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Exhibits range from traditional to offbeat


NEW ORLEANS—When you think of New Orleans culture, jazz and nightlife may be the first things that come to mind. But the city also has several first-rate art and history museums, and even a few odd, small museums you might not find elsewhere.

One of New Orleans' newer attractions is the National World War II Museum, founded by historian and author Stephen Ambrose and located on Magazine Street near the Central Business District. The museum's exhibits range from replicas of a D-Day landing craft and a German command post on Normandy beach to oral histories of soldiers fighting in the European and Pacific theaters. The museum also has a theater offering daily showings of two war documentaries, including one produced by Mr. Ambrose and director Stephen Spielberg. Open Tuesday through Sunday, the museum charges $14 for adults, $8 for students and $6 for children five to 12.

Though located in City Park, which was mostly submerged by Hurricane Katrina's floods, the New Orleans Museum of Art is now open from Wednesday to Sunday, 10 a.m. to 4:30 p.m. "Femme, Femme, Femme," an exhibit open through June 3, includes 83 paintings of women in French society by Daumier, Manet, Degas, Picasso and other artists. The museum's gallery of Faberge eggs and jewelry reopened in February, and its sculpture garden is also now open. Tickets for "Femme, Femme, Femme" for non-Louisiana residents are $15 for adults and $10 for children, and include general admission to the museum. Louisiana residents receive a discount. General admission alone is free for Louisiana residents, $8 for non-Louisiana residents and $4 for children.

The Louisiana State Museum comprises five historic buildings in the French Quarter, including the Cabildo, or town hall, built in the late 1700s when the city was under Spanish control. Exhibits at the Cabildo cover 200 years of Louisiana history, from the Native American tribes living in the area before French settlers arrived, to the defeat of the British in the Battle of New Orleans to the Civil War and Reconstruction. Admission is $6 for adults, $5 for students and free for children under 12, and includes the Presbytere, built as a residence for Capuchin monks and located on the opposite side of St. Louis Cathedral from the Cabildo.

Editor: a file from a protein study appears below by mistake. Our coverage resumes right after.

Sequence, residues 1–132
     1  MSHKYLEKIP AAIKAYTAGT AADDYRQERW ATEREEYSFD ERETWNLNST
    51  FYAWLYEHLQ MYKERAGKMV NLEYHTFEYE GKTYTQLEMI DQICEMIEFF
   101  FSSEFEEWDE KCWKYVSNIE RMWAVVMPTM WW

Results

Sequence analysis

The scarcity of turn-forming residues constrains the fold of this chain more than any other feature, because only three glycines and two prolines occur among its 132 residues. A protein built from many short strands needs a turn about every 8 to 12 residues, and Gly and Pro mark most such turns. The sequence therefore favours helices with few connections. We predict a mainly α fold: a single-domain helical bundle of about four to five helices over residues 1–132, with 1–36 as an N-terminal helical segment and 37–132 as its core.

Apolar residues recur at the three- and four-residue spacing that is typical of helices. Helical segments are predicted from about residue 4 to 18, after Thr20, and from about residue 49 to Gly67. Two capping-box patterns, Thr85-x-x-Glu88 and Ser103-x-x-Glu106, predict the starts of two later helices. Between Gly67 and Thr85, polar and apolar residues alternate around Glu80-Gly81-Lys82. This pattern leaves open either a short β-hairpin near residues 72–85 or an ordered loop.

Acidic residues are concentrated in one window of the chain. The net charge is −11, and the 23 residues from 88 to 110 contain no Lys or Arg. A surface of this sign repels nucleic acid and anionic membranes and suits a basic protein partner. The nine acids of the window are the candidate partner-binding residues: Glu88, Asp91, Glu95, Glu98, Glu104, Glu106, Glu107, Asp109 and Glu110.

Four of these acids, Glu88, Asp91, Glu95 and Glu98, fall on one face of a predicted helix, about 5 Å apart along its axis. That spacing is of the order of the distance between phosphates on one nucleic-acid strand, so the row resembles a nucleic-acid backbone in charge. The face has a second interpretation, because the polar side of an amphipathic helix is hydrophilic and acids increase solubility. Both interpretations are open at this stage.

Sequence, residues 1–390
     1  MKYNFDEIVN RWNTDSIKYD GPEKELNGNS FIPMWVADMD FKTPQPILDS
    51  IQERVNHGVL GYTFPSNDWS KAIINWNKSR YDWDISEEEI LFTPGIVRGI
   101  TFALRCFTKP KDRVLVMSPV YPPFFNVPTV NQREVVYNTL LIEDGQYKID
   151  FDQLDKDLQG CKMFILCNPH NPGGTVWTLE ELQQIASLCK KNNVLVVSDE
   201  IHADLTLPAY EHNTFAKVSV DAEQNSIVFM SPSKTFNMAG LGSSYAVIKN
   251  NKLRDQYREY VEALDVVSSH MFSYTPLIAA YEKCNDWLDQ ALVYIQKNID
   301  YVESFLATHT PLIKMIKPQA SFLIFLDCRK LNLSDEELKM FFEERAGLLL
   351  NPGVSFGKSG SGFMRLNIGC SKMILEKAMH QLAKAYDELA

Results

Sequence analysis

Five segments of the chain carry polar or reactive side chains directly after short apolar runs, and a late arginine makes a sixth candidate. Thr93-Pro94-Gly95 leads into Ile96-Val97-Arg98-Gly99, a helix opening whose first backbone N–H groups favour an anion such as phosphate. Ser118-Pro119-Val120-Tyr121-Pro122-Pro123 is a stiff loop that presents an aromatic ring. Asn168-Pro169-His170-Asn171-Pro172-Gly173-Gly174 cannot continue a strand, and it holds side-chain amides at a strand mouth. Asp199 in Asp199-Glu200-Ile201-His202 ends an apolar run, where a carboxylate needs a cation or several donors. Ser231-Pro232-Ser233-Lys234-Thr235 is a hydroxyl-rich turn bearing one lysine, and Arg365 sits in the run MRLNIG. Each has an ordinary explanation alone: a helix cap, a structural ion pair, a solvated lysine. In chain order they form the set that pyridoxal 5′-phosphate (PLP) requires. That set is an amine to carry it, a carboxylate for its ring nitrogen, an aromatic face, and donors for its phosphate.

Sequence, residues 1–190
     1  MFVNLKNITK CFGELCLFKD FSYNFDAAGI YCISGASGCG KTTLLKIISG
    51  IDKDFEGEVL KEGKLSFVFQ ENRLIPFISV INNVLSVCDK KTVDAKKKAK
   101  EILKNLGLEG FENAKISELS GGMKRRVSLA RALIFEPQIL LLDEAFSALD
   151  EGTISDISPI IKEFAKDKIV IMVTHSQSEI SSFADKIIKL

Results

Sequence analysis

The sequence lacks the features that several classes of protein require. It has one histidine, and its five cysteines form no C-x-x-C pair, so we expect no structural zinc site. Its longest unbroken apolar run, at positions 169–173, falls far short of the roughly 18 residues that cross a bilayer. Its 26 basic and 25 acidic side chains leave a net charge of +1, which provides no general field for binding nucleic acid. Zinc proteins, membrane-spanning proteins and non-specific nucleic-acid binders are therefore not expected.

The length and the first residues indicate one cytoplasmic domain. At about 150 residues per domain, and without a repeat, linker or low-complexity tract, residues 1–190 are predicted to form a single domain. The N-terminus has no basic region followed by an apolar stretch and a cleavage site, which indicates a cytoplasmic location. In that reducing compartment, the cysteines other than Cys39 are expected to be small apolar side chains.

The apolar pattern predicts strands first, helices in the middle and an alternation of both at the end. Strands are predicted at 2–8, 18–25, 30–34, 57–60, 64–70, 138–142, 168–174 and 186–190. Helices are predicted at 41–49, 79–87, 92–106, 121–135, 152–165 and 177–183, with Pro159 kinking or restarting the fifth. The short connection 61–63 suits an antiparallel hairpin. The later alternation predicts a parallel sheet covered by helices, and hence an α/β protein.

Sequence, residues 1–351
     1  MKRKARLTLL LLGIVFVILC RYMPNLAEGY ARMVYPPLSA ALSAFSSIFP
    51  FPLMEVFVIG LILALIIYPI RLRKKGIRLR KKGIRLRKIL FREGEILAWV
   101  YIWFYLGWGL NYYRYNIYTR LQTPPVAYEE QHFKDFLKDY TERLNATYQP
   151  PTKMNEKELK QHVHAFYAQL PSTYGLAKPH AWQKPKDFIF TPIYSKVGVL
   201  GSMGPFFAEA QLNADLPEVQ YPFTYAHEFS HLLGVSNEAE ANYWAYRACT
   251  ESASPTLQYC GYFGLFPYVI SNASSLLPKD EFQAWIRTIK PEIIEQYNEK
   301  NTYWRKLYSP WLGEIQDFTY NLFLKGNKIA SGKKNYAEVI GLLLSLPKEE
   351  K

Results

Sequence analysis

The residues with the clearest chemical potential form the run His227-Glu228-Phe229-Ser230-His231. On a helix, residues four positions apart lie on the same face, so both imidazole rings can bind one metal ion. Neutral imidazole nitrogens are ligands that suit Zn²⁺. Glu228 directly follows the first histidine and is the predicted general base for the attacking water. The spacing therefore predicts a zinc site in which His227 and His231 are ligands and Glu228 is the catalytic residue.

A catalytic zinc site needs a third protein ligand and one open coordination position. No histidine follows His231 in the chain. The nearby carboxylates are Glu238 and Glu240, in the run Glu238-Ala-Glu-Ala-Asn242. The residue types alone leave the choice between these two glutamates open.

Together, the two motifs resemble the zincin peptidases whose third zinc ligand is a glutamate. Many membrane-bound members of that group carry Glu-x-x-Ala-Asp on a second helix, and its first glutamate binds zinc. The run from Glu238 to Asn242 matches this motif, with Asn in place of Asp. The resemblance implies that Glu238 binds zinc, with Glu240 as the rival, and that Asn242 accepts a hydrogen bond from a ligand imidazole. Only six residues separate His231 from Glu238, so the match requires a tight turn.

Three other historic buildings that are part of the state museum--the Old U.S. Mint, 1850 House and Madame John's Legacy--a house that survived the 1795 fire that destroyed much of the French Quarter--are closed because of Hurricane Katrina damage.

If you're interested in smaller, more offbeat places, try the Musee Conti Wax Museum in the French Quarter, where you'll find Frankenstein's monster, Jelly Roll Morton and even Pierre Le Moyne, Sieur d'Iberville, the founder of New Orleans. Admission is $7 for adults and $6 for children aged four to 17.

Then there's the New Orleans Pharmacy Museum, also in the French Quarter, which aims to "preserve the rich history of pharmacy and health care in Louisiana." One upcoming exhibit--unfortunately opening too late for RIMS--is "Aqua Vitale: The Spirited History of Alcohol as Medicine." Hours are Tuesday and Thursday, 10 a.m. to 2 p.m.; and Monday, Wednesday and Friday, 10 a.m. to 5 p.m. Admission is $5 for adults, $4 for students and free for children under six

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